Chenika:  Before you arrived I tried the pouch several times, but I couldn’t figure out why she disliked it so much.  It was helpful to learn that the pouch I have was too big for me.  I didn’t realize that she shouldn’t be so low on my torso.  I noticed how the pouch was a better fit for you.  I’m going to exchange it for a smaller size.  I think I’ll enjoy having something that I can pop her into quickly.
Aunt Cynthia shows how the pouch fits her better than her sister

Cynthia:  What about your mei tai?
Chenika:  I really like having an easy-to-use, two shouldered carrier.  It has really come in handy.  She’s still a bit small for it, but the modifications that you taught me really help.



The mei tai was a versatile option for both mama and auntie



Cynthia:  What do you think about the ring sling?
Chenika:  I like how small it folds and how snug she is in it.  I’ll keep practicing how to adjust it properly.

Aunt Cynthia could snuggle baby AND do her hair
Snuggles with Aunt Cynthia








 Cynthia:  Will you talk a bit about the wraps you have?
Chenika:  I’m looking forward to learning how to use them.  I love the versatility, though.  I have the woven wrap that you used with Ziona, as well as a hybrid stretch/woven.  I’m happy that I have something that I can pre-tie and then pop her into.
Aunt Cynthia demonstrates the stretchy wrap

Cynthia:  It was fun spending the week with you two.  Thanks for trusting me with your baby!  I am excited that there are carriers that these two cousins will have both been carried in.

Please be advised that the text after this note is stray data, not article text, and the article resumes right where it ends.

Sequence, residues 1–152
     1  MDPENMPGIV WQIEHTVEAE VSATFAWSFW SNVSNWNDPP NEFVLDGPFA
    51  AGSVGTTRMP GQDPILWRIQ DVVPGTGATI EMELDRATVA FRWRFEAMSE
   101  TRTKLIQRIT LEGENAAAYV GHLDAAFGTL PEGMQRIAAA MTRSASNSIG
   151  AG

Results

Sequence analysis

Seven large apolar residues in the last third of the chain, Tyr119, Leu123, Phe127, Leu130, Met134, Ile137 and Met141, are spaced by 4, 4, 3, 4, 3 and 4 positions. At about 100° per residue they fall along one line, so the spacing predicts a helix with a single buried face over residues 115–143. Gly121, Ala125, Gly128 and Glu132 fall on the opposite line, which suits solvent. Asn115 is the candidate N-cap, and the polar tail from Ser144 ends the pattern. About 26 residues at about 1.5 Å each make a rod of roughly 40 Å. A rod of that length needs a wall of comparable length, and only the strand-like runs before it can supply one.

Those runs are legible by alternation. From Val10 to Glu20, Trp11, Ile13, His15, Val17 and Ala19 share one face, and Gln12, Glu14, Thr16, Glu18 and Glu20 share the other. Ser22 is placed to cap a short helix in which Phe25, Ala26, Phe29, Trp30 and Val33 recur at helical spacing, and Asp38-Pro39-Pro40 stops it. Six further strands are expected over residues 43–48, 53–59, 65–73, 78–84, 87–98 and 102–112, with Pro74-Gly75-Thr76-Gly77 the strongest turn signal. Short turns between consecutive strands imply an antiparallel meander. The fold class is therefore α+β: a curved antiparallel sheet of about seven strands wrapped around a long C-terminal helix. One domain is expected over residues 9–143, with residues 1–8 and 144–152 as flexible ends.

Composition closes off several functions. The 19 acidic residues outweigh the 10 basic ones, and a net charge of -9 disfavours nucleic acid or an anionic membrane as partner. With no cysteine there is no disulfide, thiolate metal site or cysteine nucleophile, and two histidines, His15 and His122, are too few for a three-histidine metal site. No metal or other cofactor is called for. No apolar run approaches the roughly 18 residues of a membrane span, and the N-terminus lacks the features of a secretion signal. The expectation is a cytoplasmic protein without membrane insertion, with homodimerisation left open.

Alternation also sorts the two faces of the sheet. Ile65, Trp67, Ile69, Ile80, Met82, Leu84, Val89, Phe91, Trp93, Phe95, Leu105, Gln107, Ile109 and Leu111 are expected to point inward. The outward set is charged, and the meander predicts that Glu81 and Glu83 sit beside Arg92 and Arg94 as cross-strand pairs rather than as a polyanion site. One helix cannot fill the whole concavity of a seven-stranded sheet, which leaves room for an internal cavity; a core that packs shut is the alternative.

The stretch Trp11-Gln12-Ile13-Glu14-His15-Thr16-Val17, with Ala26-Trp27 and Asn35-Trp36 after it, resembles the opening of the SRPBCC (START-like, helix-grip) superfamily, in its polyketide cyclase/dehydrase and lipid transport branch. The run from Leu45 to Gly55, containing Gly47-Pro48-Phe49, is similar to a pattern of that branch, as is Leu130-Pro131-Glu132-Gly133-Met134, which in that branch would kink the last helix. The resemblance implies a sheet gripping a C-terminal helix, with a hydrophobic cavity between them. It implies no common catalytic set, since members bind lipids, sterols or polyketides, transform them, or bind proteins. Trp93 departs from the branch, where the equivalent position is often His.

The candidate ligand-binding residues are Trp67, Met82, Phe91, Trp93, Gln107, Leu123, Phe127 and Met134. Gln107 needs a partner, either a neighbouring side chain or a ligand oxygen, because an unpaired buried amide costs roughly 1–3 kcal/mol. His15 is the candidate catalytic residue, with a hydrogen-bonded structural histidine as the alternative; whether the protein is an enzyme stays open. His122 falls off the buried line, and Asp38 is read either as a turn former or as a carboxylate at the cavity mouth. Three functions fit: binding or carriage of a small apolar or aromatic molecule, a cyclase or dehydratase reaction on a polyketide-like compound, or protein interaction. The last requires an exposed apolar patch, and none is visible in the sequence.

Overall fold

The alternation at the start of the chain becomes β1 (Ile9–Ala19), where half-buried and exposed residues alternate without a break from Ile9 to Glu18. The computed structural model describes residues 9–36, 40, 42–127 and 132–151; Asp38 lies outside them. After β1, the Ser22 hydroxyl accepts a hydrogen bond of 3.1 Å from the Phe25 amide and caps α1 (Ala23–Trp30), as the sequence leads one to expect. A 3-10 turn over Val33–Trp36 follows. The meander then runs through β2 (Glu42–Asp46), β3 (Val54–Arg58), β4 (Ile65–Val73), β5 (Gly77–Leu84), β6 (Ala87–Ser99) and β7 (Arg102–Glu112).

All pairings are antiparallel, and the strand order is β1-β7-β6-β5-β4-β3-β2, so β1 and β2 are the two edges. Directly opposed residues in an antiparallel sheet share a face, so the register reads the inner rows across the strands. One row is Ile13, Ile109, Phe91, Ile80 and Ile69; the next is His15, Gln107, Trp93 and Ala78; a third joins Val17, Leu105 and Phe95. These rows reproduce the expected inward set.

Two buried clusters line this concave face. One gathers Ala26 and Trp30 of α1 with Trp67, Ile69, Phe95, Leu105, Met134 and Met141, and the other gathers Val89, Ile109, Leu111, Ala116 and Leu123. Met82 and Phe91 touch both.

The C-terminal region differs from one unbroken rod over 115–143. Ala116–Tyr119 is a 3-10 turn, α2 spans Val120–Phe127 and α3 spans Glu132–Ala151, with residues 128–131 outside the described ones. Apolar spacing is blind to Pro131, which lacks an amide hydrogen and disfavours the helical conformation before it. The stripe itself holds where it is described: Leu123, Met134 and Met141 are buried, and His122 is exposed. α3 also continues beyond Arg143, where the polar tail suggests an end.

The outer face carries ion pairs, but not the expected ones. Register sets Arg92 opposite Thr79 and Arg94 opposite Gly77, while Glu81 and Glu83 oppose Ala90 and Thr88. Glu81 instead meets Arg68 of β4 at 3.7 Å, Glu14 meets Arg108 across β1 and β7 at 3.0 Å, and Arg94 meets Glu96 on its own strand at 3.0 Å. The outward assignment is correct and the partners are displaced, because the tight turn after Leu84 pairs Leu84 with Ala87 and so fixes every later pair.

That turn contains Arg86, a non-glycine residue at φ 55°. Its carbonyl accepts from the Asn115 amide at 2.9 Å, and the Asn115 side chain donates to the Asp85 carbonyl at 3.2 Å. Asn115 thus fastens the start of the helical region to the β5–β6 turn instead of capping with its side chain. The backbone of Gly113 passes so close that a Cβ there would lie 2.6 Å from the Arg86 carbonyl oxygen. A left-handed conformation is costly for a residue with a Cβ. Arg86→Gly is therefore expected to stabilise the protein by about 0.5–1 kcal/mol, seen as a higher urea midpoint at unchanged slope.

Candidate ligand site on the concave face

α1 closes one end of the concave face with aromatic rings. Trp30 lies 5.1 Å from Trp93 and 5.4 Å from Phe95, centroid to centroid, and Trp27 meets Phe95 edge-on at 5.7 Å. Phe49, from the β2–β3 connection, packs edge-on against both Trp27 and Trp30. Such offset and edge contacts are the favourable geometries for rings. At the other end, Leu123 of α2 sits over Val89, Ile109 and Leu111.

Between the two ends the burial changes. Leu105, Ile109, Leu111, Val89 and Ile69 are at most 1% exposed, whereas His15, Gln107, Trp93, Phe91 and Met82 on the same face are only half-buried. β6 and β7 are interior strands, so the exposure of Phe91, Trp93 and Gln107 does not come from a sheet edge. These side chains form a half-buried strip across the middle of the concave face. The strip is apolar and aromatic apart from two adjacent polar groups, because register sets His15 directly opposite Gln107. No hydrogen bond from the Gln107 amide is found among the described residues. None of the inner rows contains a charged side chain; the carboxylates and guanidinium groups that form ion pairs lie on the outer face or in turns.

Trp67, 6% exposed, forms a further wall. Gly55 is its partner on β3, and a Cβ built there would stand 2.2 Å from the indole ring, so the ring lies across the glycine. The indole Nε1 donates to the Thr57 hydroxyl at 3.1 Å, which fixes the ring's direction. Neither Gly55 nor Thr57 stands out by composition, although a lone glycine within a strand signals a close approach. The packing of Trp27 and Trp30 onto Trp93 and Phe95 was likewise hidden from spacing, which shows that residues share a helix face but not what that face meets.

I’m also proud that I was the second person to hold Baby C—and the first to wear her…within hours of her birth. I love you two, sis!
Cynthia with a Baby Ziona, 4yrs ago

Aunt Cynthia and her beautiful sister with brand new Baby C

 

Thursday, June 19, 2014

Wearing a Happy Camper!


 

As summer gets into full swing, it’s a good time to talk about yet another leisure activity during which babywearing is very useful:  camping. My older son was almost two the first time we took him camping. I didn’t wear him much around the campsite, but when he was too excited about being in a tent to sleep, putting him on my back for a walk around the campground came in handy, and of course he rode there for portions of hikes when he was tired or drop-offs were nearby.



Because her brother had already developed a deep and abiding affinity for camping, our daughter’s first camping trip occurred the day she turned four months old. When my husband and I began camping with two children, I really began to see the benefits of babywearing in a camping setting. In no particular order, here are some of those advantages:

1. Babywearing gives you somewhere to put the baby while doing all the things camping out requires— erecting the tent, preparing food, tying up hammocks, gathering kindling for the fire. Aside from the tent itself and baby carriers, we bring no baby-holding devices on our camping trips—no stroller, no bouncy chair, no portable carseat. This not only cuts down on the amount of paraphernalia to squeeze into a car already full of camping gear but also gives the baby a close-up view of all the action

 
2. Babywearing at the campsite keeps older babies and toddlers safe from potential hazards. Although our daughter is not quite mobile yet, I can see this being a huge advantage in our near future. Wearing the baby can keep him or her safe from darting into the road or crawling too close to the fire.

3. Babywearing allows you to interact more fully and easily with older children. If the baby is secured in a carrier, the parent has both hands free to help an older sibling roast marshmallows, play a twilight round of hide-and-seek, catch fireflies, or read a bedtime story.

4. Babywearing allows for more adventurous activities at your camping destination than might be feasible with a stroller or a free-ranging toddler, such as hiking on uneven terrain, wading in streams, or taking in the view from scenic (but potentially dangerous) overlooks.